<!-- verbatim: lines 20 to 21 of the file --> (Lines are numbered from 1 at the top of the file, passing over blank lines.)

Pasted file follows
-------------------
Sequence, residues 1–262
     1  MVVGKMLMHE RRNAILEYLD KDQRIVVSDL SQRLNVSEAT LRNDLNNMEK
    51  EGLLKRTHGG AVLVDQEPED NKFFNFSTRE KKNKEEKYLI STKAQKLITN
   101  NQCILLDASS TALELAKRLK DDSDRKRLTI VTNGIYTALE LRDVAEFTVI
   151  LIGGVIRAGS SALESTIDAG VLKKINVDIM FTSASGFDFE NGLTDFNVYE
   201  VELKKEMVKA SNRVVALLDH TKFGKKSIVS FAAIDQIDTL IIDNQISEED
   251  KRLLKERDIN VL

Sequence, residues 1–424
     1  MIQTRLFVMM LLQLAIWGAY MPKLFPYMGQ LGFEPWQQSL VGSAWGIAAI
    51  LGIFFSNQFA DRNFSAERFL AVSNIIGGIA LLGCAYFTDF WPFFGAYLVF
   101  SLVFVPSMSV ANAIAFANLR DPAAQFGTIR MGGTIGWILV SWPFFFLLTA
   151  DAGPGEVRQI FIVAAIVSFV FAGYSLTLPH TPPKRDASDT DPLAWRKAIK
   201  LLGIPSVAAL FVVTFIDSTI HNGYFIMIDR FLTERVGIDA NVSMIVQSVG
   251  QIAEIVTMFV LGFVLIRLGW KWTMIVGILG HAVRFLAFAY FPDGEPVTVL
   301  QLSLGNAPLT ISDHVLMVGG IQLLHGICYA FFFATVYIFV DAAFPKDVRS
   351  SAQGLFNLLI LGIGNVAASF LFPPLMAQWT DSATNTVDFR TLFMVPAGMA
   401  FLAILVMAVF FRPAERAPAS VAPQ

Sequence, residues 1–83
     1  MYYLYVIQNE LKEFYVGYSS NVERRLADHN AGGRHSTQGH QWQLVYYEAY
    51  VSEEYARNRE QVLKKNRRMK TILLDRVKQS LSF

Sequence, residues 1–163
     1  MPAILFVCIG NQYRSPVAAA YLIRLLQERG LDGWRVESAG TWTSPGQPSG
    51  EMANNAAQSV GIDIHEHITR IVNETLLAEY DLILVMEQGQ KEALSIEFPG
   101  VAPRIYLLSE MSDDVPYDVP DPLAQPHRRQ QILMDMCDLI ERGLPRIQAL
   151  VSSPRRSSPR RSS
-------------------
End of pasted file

    51  VSEEYARNRE QVLKKNRRMK TILLDRVKQS LSF

Sequence, residues 1–163